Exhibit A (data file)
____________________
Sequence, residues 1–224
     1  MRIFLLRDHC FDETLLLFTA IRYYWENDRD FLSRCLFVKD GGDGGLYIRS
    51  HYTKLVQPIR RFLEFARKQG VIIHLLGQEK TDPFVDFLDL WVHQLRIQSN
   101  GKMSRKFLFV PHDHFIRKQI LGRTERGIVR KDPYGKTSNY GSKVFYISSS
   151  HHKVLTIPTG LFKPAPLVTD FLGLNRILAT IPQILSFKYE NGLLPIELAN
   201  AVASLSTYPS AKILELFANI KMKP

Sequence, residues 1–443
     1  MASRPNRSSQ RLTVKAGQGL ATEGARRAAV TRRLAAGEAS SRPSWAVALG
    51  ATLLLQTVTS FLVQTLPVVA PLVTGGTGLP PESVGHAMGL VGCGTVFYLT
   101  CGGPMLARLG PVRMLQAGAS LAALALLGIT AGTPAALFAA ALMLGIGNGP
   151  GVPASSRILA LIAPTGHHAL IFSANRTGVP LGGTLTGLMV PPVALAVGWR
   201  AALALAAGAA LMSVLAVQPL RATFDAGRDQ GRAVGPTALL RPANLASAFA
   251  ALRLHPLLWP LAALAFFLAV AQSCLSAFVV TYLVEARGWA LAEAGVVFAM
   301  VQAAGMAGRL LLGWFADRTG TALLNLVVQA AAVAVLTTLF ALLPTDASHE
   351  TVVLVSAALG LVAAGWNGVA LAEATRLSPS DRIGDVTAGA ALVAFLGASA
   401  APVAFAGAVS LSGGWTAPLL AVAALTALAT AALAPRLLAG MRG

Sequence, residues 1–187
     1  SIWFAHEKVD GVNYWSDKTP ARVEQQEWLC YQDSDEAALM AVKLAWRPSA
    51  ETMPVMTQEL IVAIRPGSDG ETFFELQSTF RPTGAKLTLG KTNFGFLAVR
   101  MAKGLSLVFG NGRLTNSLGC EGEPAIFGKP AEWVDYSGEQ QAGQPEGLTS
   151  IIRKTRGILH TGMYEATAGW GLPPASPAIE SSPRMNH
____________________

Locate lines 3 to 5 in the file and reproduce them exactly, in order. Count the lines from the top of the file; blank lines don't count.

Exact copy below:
    51  HYTKLVQPIR RFLEFARKQG VIIHLLGQEK TDPFVDFLDL WVHQLRIQSN
   101  GKMSRKFLFV PHDHFIRKQI LGRTERGIVR KDPYGKTSNY GSKVFYISSS
   151  HHKVLTIPTG LFKPAPLVTD FLGLNRILAT IPQILSFKYE NGLLPIELAN